Two hours is a whole lot of dumb. So in that respect "Dumb and Dumber To," starring the off-the-chain, goofballing Jim Carrey and Jeff Daniels, delivers on its promise.
The sequel's definitely been dumbed down, which is not really an issue. If you buy a ticket to a movie called "Dumb and Dumber To," dumb is precisely what you expect, want and possibly need.
But what felt fresh in Peter and Bobby Farrelly's original "Dumb and Dumber," with the Carrey-Daniels dense duo channeling the Stooges and Jerry Lewis and something else entirely, feels strangely old-fashioned two decades later. Hollywood wasn't specializing in stupidity so much in 1994.
Now we live in a time when dumb buddy comedy has become an entire strain of filmmaking, and a hugely profitable one. It includes three "Hangovers" and nearly everything Will Ferrell does, with anchorman Ron Burgundy the highest form of his lowbrow. There's an entire subset of Owen Wilson-Vince Vaughn-Ben Stiller antics, mixed and matched across countless films, including "The Wedding Crashers," "Dodgeball," "Starsky & Hutch" and "The Internship." There is even an entrenched "Superbad" next generation of Seth Rogens and Jonah Hills.
Carrey's Lloyd Christmas and Daniels' Harry Dunne bring us back to a simpler dumb-buddy time in "Dumb and Dumber To," again directed by the Farrelly brothers.
If you've seen the trailers — can anyone escape them? — you know that Lloyd's finally come out of his fake coma, a 20-year gag that Harry deems "awesome." The two guys pick up where they left off, older but no wiser.
Harry's living in the same dumpy apartment with two significant changes — his new roommate makes meth, and the blind boy who bought the guys' headless dead parakeet in the first film has grown up and is now surrounded by a flock of exotic birds.
But with the sheer number of cooks in the "Dumber To" kitchen — it's written by Sean Anders, John Morris, both Farrelly brothers, Bennett Yellin and Mike Cerrone — the sequel sometimes feels like a series of gags ginned up by a gaggle of writers who are not always on the same page.
There are all the expected blind jokes, fart jokes, pee jokes and poop jokes. Flashbacks to Harry changing Lloyd's adult diapers during the coma phase become a running gag.
The occasional shot of the top of Harry's derriere, such a hoot in the first, feels impossibly tame in a time when showing your Calvins is passe and Kim Kardashian's naked backside on a magazine cover is trending. In an effort to remain relevant, some of the punchlines also target race, Asperger syndrome and AIDS, to name a few. I'm sure if the film had landed next year, Ebola would make the mix.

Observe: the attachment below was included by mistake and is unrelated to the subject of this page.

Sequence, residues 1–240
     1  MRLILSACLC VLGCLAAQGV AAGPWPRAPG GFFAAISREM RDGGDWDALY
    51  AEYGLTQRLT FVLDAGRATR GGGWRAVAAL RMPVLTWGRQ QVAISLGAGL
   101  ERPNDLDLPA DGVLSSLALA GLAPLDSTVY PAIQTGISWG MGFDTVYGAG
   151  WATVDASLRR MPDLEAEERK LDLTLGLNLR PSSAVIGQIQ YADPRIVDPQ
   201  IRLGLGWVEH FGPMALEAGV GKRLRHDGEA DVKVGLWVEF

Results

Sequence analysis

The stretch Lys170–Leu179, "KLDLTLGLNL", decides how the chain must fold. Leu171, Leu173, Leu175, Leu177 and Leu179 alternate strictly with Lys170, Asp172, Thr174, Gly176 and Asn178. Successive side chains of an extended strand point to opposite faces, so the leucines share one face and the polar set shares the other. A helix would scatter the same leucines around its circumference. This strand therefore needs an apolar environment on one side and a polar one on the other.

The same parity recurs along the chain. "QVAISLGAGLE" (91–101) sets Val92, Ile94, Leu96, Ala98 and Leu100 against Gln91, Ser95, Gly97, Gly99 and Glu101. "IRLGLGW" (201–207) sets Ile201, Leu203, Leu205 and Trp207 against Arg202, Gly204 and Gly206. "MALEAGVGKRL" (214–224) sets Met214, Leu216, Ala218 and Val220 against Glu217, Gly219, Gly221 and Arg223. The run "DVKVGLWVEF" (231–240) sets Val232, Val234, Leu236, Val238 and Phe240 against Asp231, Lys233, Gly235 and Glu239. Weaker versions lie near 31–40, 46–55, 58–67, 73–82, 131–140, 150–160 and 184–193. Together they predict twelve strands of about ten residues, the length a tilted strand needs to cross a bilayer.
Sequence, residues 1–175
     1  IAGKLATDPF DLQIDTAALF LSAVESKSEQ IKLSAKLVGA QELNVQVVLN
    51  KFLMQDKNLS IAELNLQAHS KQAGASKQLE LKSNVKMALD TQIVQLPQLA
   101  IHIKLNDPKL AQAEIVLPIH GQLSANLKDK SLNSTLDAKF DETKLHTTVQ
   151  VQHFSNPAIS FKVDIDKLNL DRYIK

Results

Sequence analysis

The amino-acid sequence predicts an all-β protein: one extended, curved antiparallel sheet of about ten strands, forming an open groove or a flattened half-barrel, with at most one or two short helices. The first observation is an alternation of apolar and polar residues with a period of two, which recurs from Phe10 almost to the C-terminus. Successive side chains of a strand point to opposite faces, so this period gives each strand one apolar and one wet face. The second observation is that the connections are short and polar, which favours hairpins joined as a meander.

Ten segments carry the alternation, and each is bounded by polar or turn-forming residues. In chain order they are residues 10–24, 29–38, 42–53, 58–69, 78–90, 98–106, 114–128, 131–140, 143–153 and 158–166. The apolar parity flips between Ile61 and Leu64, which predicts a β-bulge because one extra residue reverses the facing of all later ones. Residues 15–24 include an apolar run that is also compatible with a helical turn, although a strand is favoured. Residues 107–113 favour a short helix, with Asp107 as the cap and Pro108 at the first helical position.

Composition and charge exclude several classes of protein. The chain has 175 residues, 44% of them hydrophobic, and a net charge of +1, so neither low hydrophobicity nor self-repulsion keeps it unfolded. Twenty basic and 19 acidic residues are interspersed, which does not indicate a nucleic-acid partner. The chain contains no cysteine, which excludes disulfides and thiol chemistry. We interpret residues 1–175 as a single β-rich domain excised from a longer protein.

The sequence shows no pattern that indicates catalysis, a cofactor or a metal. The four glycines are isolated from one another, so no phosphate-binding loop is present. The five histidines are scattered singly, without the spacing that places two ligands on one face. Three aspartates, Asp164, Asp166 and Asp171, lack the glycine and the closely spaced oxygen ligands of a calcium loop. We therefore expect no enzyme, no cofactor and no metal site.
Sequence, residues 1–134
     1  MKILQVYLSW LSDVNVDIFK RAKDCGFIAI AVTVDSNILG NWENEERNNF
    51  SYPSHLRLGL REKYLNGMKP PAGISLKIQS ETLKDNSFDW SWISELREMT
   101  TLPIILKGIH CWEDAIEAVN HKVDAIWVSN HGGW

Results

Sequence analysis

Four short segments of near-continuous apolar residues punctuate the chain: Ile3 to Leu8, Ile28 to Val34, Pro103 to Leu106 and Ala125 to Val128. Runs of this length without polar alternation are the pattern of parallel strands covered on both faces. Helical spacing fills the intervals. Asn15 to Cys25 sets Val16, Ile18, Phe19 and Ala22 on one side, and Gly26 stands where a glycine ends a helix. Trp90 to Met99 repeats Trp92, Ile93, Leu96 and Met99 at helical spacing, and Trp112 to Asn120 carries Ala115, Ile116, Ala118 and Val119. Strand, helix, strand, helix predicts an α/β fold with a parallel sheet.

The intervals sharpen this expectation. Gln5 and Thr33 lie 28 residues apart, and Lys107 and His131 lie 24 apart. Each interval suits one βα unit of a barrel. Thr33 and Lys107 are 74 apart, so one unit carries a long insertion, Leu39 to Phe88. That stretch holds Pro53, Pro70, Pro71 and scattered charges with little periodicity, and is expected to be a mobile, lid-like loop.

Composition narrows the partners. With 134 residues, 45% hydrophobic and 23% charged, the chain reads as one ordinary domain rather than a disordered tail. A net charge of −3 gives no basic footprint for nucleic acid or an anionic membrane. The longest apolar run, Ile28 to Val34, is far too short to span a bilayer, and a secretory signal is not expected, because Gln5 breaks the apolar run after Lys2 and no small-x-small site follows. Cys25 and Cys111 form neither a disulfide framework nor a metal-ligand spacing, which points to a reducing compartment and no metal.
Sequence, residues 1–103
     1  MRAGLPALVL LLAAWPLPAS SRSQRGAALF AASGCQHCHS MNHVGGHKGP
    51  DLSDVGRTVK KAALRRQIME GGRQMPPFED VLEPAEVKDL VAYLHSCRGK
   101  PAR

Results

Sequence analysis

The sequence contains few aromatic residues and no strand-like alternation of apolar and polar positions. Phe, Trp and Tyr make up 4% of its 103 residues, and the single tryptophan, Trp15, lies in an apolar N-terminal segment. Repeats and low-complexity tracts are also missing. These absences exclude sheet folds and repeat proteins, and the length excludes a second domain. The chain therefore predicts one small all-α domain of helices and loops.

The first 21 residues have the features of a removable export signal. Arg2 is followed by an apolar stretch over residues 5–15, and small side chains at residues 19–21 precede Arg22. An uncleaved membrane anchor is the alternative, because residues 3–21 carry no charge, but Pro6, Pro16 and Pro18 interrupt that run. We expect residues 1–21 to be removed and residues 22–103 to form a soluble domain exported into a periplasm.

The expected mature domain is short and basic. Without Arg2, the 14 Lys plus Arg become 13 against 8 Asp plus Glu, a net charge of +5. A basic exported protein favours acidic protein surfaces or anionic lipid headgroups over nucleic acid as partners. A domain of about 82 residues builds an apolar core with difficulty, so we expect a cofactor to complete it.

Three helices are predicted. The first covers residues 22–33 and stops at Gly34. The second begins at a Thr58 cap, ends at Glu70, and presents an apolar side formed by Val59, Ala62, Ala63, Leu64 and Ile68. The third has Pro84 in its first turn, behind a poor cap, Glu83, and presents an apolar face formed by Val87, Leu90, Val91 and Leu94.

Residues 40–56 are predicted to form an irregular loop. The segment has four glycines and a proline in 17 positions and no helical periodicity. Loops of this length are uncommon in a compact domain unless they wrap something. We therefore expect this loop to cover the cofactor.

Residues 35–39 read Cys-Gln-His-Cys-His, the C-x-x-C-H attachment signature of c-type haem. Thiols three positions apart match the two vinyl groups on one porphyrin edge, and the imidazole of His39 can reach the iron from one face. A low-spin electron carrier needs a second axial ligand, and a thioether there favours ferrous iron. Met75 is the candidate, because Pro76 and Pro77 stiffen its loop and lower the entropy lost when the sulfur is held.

The reason for the road trip this time, other than to provide different locales for all the slapstick silliness and the return of the mutt-mobile, is Harry's medical condition. He's in need of a kidney transplant, and an old postcard from ex-girlfriend Fraida (Kathleen Turner) informs him that he fathered a daughter years ago. Penny (Rachel Melvin), who was put up for adoption, would be a perfect donor match for Harry. If only they could find her.
Enter the villains and the reasons the guys are once again at risk of being killed. Suffice it to say that instead of a briefcase filled with cash, this time they're transporting a box filled with a billion-dollar scientific breakthrough.
Lloyd and Harry are soon racing against time, headed to a scientific convention in El Paso, where Penny's picking up an award for her Nobel-winning adopted dad (Steve Tom). Rob Riggle, playing twins — a back-stabbing gardener named Travis and a black-ops specialist named Capt. Lippincott — is the best of the bad guys. Of all the secondary players, Melvin, who spent years in the "Days of Our Lives" daytime trenches, is the best. The actress does a pretty decent dumb that echoes both Harry and Lloyd, which is no easy task.
The production value of "To" reflects the bigger budget that the follow-up to a surprise hit often brings. As it happens, though, more money doesn't make all that much difference in executing a fart joke.
One of the charms of the "Dumb" routine is the way it lets Carrey go wild. His comic streak is a mile wide, and the Farrellys use every inch of it. Whether he's dousing a chili pepper burn with huge squirts of ketchup and mustard or honestly just standing, smiling or talking, Carrey is mind-blowing to watch.
After a recent string of films characterized by more misses than hits, it's good to see the actor back at the top of his game, contorting that rubber mouth into impossible grins and grimaces before breaking into some manic yuck-yuck-yucking, or using those rubber legs to make one unforgettable entrance after another.
Daniels, destined to play second fiddle in the first, feels like he's moved to third in "To." In part it's a function of a super amped-up Carrey. But some of the blame rests with Aaron Sorkin's intelligent HBO drama "The Newsroom," which has turned Daniels' anchorman into a Walter Cronkite-level brand of flawed headline-disseminating integrity.
Before "Dumb and Dumber," Daniels was known for the subtler brand of comedy we saw in Woody Allen's "The Purple Rose of Cairo" (1985) and "Radio Days" (1987), or for being frequently confused with acting peer Bill Pullman. "Dumb" Harry hit, defining him for a bit. Then the actor began opting for smarter and serious, working his way toward the classy newscaster. It's hard to go back from such intellectual heights to the dumb milieu, especially given Carrey's very long shadow.
To his credit, Daniels tries his best, but when it comes to dumb and dumber, Carrey is better.